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The China-North Korea Relationship

This article from the Council on Foreign Relations breaks down the relationship between the People's Republic of China and its regular but rocky ally the Democratic Republic of Korea. Find the article's full text here:

Relationship Under Strain

"China’s support for North Korea dates back to the Korean War (1950–1953), when its troops flooded the Korean Peninsula to aid its northern ally. Since the war, China has lent political and economic backing to North Korea’s leaders: Kim Il-sung (estimated 1948–1994), Kim Jong-il (roughly 1994–2011), and Kim Jong-un. But strains in the relationship surfaced when Pyongyang tested a nuclear weapon in October 2006 and Beijing backed UN Security Council Resolution 1718, which imposed sanctions on Pyongyang. With this resolution and subsequent ones, Beijing signaled a shift in tone from diplomatic support to punishment. After North Korea’s missile launch test in November 2017, China called on North Korea to cease actions that increased tensions on the Korean Peninsula.

Still, China's putative steps have been somewhat restrained. While China has backed UN resolutions, in some cases it has withheld support until they were watered down. Additionally, Western officials and experts doubt China’s commitment to implementing even limited trade restrictions and have at times accused the country of circumventing sanctions.

Beijing continues to have sizeable economic ties with Pyongyang. Bilateral trade increased tenfold between 2000 and 2015, peaking in 2014 at $6.86 billion, according to figures from the Seoul-based Korea Trade-Investment Promotion Agency. With the advent of tougher sanctions, trade growth has slowed, but Pyongyang is still dependent on Beijing for economic activity.

Although Beijing has upheld some of the international sanctions against Pyongyang and taken some measures to squeeze it economically, including the suspension of fuel sales and restrictions on financial activities, relations appear to have thawed.


A Defense Alliance?

Experts say China has been ambivalent about its commitment to defend North Korea in case of military conflict. The 1961 Sino-North Korean Treaty of Friendship, Cooperation, and Mutual Assistance, up for renewal in 2021, says China is obliged to intervene against unprovoked aggression. But Bonnie Glaser of the Center for Strategic and International Studies says the Chinese government has tried to persuade North Korean leaders to revoke the clause that would force Beijing to come to Pyongyang’s defense. It has also intimated that if Pyongyang initiates conflict, it would not abide by its treaty obligation and instead stay neutral. Some experts, such as Oriana Skylar Mastro, have suggested that in the event of conflict, Chinese forces may not be involved in coming to North Korea’s defense, but rather would seek to play a significant role in shaping a “post-Kim peninsula to its liking.”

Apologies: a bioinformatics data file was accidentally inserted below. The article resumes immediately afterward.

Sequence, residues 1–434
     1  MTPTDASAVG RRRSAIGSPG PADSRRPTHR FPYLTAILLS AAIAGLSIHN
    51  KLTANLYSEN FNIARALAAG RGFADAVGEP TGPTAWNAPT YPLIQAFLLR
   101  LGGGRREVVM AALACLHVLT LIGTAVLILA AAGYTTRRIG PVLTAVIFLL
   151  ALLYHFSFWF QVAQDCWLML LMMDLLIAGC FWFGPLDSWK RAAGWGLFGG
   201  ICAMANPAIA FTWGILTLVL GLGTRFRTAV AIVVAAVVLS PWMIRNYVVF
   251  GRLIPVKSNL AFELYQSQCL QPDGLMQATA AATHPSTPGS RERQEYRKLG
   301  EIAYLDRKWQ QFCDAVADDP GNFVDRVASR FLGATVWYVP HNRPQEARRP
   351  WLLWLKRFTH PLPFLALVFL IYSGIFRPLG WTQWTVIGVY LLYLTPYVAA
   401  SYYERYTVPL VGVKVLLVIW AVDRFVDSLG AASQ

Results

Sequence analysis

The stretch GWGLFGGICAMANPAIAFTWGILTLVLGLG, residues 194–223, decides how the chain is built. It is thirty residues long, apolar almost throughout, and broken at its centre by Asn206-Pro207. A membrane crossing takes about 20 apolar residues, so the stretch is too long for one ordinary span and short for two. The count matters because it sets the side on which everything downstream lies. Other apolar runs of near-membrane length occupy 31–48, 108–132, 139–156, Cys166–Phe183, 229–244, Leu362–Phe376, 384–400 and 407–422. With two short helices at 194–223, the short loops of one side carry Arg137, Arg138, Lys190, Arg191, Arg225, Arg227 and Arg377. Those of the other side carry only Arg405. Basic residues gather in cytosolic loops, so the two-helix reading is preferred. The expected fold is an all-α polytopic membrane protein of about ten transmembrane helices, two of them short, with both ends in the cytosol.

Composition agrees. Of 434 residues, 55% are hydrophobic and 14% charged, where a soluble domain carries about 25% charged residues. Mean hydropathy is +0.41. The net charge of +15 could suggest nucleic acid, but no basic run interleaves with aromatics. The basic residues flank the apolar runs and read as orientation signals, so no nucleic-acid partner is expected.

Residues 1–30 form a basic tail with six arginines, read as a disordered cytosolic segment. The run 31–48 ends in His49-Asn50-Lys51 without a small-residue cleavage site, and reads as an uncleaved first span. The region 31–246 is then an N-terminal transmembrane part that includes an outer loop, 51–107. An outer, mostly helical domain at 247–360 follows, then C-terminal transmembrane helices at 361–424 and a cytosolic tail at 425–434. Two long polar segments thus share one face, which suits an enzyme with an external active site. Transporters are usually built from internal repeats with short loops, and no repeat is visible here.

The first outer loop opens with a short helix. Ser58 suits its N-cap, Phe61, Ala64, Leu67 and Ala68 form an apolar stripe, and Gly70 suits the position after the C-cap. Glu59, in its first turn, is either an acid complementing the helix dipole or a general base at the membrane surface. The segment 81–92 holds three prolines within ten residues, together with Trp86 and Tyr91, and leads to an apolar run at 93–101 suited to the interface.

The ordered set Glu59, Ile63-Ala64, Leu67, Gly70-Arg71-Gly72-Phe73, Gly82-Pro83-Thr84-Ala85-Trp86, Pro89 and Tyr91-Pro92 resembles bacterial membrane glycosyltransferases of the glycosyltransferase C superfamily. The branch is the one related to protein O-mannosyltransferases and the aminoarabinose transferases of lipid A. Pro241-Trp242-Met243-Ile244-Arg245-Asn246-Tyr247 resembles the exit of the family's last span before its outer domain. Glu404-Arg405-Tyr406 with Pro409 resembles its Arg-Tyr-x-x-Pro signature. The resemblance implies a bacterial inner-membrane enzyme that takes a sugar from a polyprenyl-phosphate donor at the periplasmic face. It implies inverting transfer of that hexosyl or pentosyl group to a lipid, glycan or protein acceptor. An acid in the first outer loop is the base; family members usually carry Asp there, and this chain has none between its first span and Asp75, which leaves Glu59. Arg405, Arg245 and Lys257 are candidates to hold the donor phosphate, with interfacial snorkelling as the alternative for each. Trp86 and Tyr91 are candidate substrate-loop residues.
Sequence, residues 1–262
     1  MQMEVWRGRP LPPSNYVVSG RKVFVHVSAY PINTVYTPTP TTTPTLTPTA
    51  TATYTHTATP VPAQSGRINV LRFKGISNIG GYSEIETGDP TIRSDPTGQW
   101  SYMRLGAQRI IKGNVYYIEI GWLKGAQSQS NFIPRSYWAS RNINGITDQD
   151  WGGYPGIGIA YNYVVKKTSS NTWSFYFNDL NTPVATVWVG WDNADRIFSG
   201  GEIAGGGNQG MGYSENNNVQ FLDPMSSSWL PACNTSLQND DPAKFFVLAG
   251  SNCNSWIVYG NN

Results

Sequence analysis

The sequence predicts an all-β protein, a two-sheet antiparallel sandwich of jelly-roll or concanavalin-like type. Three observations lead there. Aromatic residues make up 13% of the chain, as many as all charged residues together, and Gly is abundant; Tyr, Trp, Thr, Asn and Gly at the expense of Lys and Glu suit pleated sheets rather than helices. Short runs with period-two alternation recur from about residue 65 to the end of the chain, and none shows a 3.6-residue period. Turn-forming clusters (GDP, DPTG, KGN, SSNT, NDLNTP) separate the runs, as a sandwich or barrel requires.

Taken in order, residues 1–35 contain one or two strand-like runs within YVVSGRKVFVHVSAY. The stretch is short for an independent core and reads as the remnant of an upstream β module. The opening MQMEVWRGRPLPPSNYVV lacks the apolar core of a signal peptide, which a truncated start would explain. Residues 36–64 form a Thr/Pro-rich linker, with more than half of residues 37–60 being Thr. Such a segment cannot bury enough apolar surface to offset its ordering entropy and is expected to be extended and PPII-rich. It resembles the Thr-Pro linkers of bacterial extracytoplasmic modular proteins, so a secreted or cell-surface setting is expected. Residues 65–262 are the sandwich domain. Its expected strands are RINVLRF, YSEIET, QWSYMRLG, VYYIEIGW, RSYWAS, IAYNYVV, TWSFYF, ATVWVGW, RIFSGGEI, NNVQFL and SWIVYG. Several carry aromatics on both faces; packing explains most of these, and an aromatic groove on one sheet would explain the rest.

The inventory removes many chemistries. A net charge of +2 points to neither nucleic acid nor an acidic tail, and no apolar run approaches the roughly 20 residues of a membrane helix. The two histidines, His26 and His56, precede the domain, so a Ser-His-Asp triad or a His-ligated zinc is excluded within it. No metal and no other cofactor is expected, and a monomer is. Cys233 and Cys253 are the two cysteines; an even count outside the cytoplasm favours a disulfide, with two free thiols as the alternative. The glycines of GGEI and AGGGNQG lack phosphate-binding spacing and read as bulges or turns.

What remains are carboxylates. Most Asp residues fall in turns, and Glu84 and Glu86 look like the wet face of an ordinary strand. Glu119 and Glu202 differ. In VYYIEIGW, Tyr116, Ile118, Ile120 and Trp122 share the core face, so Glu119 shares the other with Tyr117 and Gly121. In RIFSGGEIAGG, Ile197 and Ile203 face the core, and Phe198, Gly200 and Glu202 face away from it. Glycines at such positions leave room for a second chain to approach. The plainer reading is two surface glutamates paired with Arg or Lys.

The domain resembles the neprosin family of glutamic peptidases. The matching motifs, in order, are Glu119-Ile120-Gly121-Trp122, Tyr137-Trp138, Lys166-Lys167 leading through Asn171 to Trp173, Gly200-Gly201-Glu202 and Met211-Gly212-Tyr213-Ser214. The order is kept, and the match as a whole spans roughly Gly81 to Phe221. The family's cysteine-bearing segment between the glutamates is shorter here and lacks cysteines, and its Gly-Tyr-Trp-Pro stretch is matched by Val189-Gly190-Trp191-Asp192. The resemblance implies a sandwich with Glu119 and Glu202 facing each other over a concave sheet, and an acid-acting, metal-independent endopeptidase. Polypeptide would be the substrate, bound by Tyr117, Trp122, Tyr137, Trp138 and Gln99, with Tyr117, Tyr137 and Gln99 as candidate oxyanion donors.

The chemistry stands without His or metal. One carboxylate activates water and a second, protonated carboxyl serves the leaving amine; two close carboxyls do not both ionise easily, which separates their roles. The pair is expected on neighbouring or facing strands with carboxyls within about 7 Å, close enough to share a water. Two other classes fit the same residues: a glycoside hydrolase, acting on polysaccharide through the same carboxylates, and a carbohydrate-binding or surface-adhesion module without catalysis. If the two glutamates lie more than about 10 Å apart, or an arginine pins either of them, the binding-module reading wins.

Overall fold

Kim and Xi did not meet for years but appeared to strike a more amicable chord in March 2018, when the two held a secretive meeting in Beijing that marked the North Korean leader’s first trip abroad since coming to power. Xi heralded the tradition of friendship between China and North Korea, and Kim reiterated a commitment to denuclearization and a willingness to hold a dialogue with the United States. The two leaders have since met four more times, in May 2018, June 2018, January 2019, and June 2019. During their most recent meeting, Xi was welcomed to Pyongyang, marking the first time a Chinese leader visited North Korea since 2005. (Xi previously traveled there in 2008 as vice president.)

The meetings between Xi and Kim came as North Korea also participated in summits with the South and with the United States. China has urged world powers not to push North Korea too hard, for fear of precipitating the leadership’s collapse and triggering dangerous military action."

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